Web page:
‘For AMU, It’s A Battle Of Perceptions’

UNEASY LIES the head that wears a crown. This could be even truer of the successive vice-chancellors of the Aligarh Muslim University (AMU), the historical institution located in Aligarh district in India’s most populous state of Uttar Pradesh, who have struggled to eke out consensus on their methods of governance on what is the best approach to serve the interest of the students/university.

For LT GENERAL ZAMEERUDDIN SHAH, whose term as the vice-chancellor ended on May 16, 2017, his five years at the helm were even more momentous. While there were reports of his uneasy ties with the previous Union Minister for Human Resource Development, it was also during his tenure as the V-C that the university had to move court to argue its case for the preservation of its minority status. “This has been the most difficult job I have had to tackle,” Lt Gen Shah told Qatar Tribune’s MEHRE ALAM, in what turned out to be his last interview while in office as the AMU V-C.

The AMU, he pointed out in the interview, is fighting a battle of perceptions, and,”if we can correct the wrong impressions people have about us, we would certainly be the leading university of the country.”

As for the Muslim youth’s educational advancement, the former deputy chief of Army staff, said the key lies in strengthening their educational foundation. Any “ghettoization” on religious grounds is a dangerous trend for students, he noted.

Excerpts of the edited interview:

Qatar Tribune: From the army to the vice-chancellor of a premier Central university, how has the journey been for you? Did you find the transition smooth?

Lt Gen Zameeruddin Shah: The vice-chancellor’s role relates to laying down policy, public relations, garnering funds for the university and ensuring the rule of law prevails. This was a little more difficult than the Army where there is a chain of command and the rules and regulations are well framed.
In AMU, everything is vice-chancellor-centric. This leaves the vice-chancellor with very little time for contemplation or leisure. This has been the most difficult job I have had to tackle. It is unforgiving and thankless. We worked hard because of the responsibility entrusted upon us and to safeguard the interests of this historical institution.

Q: Your term as the vice-chancellor comes to an end on May 16. Are you satisfied with what the university has achieved in these past five years of your stewardship?

A: I am only partially satisfied. Our aim was to make AMU the No. 1 University by 2017. We came very close but the unfortunate incident of arson in April 2016 took a heavy toll on the perceptions about the university. All I can say is, we have laid a strong foundation and my successor should be able to achieve the goal we had set for this great seat of learning.

The AMU has recently received a certificate of the 11th rank among the Indian Universities from the National Institutional Ranking Framework India Rankings (NIRF) associated with the Ministry of Human Resource Development, Government of India. Could the university have done better?

AMU was ranked 11th among Central Universities we scored very low marks in ‘Perceptions’. If we can correct the wrong impressions people have about us and score high marks in ‘perceptions’, we would certainly be the leading university of the country.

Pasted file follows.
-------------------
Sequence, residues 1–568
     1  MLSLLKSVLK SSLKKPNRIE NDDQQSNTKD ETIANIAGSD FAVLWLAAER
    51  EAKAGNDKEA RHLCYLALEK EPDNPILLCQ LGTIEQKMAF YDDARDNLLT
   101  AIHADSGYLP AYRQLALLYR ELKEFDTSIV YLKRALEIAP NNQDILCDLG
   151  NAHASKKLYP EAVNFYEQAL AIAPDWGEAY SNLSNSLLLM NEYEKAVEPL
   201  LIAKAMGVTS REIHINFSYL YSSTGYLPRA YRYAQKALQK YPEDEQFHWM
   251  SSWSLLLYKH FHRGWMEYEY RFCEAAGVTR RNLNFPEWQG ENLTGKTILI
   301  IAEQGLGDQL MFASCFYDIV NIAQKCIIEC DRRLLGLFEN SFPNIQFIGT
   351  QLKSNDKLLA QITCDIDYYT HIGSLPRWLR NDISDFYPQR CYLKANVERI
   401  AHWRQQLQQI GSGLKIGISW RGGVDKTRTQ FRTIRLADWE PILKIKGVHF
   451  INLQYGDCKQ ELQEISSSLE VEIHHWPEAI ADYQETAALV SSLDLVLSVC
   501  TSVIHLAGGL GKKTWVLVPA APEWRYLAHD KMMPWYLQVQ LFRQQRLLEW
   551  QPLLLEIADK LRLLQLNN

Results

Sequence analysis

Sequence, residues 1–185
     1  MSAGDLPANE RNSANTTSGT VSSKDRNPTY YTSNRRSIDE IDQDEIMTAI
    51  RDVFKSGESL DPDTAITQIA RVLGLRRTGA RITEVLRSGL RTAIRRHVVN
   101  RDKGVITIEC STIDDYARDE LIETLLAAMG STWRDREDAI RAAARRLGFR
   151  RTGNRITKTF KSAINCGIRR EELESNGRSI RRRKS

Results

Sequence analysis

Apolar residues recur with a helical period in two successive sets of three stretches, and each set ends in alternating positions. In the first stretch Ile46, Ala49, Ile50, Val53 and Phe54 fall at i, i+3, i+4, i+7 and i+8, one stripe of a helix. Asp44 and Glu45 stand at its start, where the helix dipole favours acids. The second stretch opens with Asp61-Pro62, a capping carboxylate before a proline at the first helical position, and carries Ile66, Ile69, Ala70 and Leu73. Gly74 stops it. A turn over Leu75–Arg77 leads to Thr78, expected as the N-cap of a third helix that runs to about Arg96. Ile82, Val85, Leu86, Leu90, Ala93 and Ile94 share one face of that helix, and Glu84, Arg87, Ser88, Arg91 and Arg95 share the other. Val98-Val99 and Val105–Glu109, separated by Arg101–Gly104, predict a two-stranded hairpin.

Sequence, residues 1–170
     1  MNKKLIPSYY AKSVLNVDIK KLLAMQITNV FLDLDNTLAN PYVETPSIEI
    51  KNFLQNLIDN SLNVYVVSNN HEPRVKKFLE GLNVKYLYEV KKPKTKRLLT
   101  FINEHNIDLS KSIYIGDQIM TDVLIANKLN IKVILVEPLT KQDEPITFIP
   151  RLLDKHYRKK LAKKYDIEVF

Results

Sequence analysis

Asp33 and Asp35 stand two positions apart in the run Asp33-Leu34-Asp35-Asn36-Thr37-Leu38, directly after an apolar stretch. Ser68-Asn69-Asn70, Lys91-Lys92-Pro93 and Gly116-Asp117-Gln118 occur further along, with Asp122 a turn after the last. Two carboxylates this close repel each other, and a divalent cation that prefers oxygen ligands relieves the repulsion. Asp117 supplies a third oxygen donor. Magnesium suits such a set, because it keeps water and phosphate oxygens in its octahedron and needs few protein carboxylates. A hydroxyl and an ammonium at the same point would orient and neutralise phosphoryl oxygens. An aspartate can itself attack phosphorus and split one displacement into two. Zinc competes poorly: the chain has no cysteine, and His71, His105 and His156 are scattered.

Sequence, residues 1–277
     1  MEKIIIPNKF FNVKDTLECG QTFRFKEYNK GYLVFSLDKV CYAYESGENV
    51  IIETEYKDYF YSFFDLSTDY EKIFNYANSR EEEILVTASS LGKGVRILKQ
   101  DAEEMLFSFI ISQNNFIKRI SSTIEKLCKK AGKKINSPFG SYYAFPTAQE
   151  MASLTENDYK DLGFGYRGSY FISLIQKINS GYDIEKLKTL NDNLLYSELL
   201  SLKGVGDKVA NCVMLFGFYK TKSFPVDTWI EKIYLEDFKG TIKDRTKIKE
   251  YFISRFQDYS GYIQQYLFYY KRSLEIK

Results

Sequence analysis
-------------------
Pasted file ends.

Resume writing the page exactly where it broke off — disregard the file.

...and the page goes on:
What are the main challenges facing the university currently?

The main challenge lies in dealing with the criminal elements that enter the campus and attempt to control the students. They sponsor their elections and expect favours in return. Another challenge is the porous nature of the campus. We have had to close a large number of entry and exit gates. This has led to inconvenience but has ensured better curbs on the entry of criminal elements.

AMU has some of the renowned Centres for Advanced Learning, like its History Department, for example. What are the future prospects?

The Centres of Advanced Learning, as in the Department of History, are the pride of AMU. They have done outstanding work in the field of research and academics.

You took over as the V-C when the UPA government was in power at the Centre. Your term saw the change of guard at the Centre with the BJP-led NDA government taking over the reins in 2014. There were reports of you having troubles with the previous Union HRD minister. Has it been smooth with the current Union HRD minister? 

The present HRD Minister has always given me a patient hearing. We have full faith that he will be fair and just to the university, especially with regard to the terms of funding, which we expect to be equitable.

Your term as the V-C will also be remembered for the reason that the university has had to move court to fight for its minority status. Could you share your thoughts on the expected outcome? In case the university loses its minority status, what could the impact be on the institution?

The minority character of the university is dear to the hearts of all Aligs (alumni of the university). It has a sentimental and far-reaching significance. That’s why we deserve the right to remain a minority institution.

In the past few years there has been a debate on the issue of tolerance with several writers, artists etc. having expressed their dismay over what they term as growing intolerance. Now, there are incidents of cow vigilantes attacking people and taking the law into their own hands. Do you think the society has grown more intolerant over the years?

AMU teaches morality and large-hearted tolerance. We are a modern, secular university and we abide by that philosophy. Vigilante action can never be tolerated and we are certain that the government will take action to protect all sections of people.